Further information about borreliae
Lyme disease is the most common illness transmitted by ticks in the northern hemisphere. It is caused by different species of the so-called Borrelia burgdorferi sensu lato complex. In Europe up to 35% of all ticks are infected with borreliae. Until now B. burgdorferi sensu stricto, B. garinii, B. afzelii, B. spielmanii and B. bavariensis are known to be human pathogenic. Additionally, the pathogenicity of B. valaisiana is being discussed.
After the tick bite it usually takes longer than 12 hours of attachment until borreliae are transmitted from the tick to the human host.
As Lyme disease is a multisystemic infection, not only the skin but also the nervous system, the joints and the heart can be affected. The disease can be categorised into three stages. Nevertheless, an atypical progression is possible.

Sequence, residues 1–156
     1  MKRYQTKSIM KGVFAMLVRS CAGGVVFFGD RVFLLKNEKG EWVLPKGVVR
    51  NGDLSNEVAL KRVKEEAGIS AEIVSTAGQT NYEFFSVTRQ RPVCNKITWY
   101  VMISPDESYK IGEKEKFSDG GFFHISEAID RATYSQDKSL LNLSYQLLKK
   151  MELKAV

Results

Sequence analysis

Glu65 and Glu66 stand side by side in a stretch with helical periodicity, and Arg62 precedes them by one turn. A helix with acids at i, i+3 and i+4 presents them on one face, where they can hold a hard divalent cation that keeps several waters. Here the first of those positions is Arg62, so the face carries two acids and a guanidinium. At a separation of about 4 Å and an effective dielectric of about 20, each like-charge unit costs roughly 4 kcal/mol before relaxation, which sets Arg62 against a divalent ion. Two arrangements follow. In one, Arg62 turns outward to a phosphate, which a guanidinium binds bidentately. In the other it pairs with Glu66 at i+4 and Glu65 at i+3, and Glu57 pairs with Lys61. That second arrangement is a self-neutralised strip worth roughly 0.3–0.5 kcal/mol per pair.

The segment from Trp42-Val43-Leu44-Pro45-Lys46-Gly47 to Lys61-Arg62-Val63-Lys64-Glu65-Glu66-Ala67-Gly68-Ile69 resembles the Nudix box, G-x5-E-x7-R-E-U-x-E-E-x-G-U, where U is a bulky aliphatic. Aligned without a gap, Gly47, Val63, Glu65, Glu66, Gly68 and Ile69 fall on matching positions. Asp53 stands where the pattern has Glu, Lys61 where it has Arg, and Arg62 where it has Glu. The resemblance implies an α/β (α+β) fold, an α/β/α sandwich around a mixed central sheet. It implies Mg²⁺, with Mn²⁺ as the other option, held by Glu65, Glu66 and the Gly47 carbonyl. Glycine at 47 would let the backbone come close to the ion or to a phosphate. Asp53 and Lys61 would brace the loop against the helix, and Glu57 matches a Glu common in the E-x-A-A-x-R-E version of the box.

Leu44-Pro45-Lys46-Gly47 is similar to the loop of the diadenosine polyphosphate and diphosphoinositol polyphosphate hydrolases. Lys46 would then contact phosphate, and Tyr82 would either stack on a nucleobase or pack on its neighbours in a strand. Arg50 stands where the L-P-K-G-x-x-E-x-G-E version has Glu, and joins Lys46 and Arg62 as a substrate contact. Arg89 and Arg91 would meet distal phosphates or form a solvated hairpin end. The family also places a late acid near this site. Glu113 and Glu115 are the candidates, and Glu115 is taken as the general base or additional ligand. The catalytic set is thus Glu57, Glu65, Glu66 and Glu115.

Stage I: The most frequent early manifestation is the erythema migrans, a circular, outwardly expanding rush. It can be accompanied by flu-like symptoms like fever, head ache and swollen lymph nodes.
Stage II: The first symptoms can wear off without any consequences. Nevertheless, within several days or weeks bacteria can disseminate into the nervous system (neuroborreliosis), myocard or the joints. This can cause meningitis or facial palsy and myocarditis, respectively.
Stage III: Lyme arthritis and acrodermatitis chronica atrophicans can occur as late manifestations years after the tick bite. They are characterised by a chronic inflammation of the knee or subtalar joint and atrophies of the skin, respectively.
If an infection with borreliae is detected at an early stage, it can successfully be treated with antibiotics.
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